The official objective of the program is to ‘assist developing countries to reduce poverty and achieve sustainable development, in line with Australia’s national interest’.[1]

Courtesy of New Zealand Electronic Text Centre - nzetc.org/tm/scholarly/tei-GriWom2-c3.html

 While providing aid in line with Australia’s national interest might seem like a good idea, there are often times when these interest conflict with those of the people the aid is supposed to be assisting. When this occurs, the ability of the aid to combat poverty is often compromised and in same cases it can result in the aid doing more harm than good. 

Australian aid delivery and priorities are criticised for their close relationship to national political and commercial interests, these are reflected in a number of concerning trends:

  • the corporatisation of aid: aid delivered primarily through for-profit companies often results in aid funds going into the pockets of Australian companies, consultants and advisers instead of the people who need it most;  
  • aid facilitating a trade liberalisation agenda, often at the expense of local livelihoods;
  • securitisation of aid: aid motivated by Australia’s national security interests rather than the relief of poverty. This has seen an increase in Australian police presence in the Pacific in the name of good governance and regional stability.  

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    The Australian aid picture  

    Australia will spend $4.3 billion on its aid program this year, equal to 0.33% of GDP, far below the average of 0.48% and the international target of 0.7%.[2]  The Australian aid program focuses on the Asia-Pacific region, although we increasingly provide aid to Africa and the Middle East.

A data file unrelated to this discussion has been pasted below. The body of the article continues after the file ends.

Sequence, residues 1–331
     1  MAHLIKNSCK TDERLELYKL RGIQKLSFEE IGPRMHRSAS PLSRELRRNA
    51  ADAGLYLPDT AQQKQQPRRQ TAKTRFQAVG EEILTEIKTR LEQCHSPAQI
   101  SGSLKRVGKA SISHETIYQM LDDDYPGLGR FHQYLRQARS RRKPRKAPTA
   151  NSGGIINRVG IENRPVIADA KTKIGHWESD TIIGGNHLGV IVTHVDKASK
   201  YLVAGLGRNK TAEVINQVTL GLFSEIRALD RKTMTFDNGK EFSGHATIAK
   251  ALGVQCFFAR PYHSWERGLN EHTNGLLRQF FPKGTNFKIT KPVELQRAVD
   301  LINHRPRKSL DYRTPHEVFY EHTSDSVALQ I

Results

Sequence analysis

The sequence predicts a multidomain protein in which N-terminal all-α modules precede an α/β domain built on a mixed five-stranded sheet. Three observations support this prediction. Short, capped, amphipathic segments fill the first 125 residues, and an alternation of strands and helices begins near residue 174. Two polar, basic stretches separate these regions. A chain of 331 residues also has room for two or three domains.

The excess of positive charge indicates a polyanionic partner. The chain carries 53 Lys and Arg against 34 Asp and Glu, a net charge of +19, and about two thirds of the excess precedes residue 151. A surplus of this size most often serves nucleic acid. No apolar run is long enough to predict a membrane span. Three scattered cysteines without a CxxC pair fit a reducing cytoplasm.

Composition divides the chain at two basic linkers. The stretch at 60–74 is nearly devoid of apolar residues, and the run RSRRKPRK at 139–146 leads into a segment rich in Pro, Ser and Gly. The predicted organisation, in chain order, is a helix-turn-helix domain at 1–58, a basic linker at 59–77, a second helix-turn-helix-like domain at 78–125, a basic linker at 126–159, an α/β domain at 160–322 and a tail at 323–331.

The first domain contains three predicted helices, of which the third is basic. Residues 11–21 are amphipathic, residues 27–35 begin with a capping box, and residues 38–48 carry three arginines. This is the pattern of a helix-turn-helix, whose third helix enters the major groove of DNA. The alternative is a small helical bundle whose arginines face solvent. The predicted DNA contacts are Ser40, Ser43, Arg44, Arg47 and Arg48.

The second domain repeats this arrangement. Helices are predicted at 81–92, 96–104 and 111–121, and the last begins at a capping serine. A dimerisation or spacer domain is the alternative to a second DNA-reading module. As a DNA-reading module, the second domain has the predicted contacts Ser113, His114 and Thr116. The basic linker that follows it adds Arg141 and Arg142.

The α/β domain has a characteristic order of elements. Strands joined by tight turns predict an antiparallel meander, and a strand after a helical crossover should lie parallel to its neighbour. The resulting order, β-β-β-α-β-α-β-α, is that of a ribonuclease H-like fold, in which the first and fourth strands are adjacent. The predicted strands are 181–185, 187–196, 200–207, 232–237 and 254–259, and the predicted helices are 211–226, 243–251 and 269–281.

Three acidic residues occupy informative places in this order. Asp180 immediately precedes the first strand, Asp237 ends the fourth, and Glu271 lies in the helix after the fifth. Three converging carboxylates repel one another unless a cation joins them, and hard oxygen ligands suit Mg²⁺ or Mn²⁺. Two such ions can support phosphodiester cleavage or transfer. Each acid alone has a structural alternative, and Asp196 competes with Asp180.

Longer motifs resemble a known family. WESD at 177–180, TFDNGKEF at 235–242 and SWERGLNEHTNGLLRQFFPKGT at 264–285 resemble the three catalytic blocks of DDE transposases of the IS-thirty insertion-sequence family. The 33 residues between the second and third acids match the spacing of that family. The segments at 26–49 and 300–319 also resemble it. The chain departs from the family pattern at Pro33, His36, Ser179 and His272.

Aid figures alone do not tell us much about the quality of our aid program or even the true quantity of government aid. Australia, like many other countries, inflates its aid figures by including expenditure which is not focused on poverty alleviation.   

     

    How does Australian government aid measure up internationally? 

    A good benchmark to compare Australia to is Denmark, a country that is often cited as having one of the better aid programs both in terms of the amount of aid it provides and its overall effectiveness in addressing poverty. In comparison Australia’s program suffers due to the low quantity of aid, as well as high levels of tied aid and excessive levels of technical assistance.

     

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    Last updated 15 November 2010

     

     


    [1] AusAID Corporate Plan – 2006 to 2010, AusAID http://www.ausaid.gov.au/publications/pdf/corplan06.pdf last accessed 11 Nov [Emphasis added]

    [2]  Australian Council For International Development, Analysis: AID BUDGET 2010/11, June 2010, http://www.acfid.asn.au//resources/docs_resources/docs_papers/ACFID%20Budget%20Analysis%20revised%20June%202010.pdf

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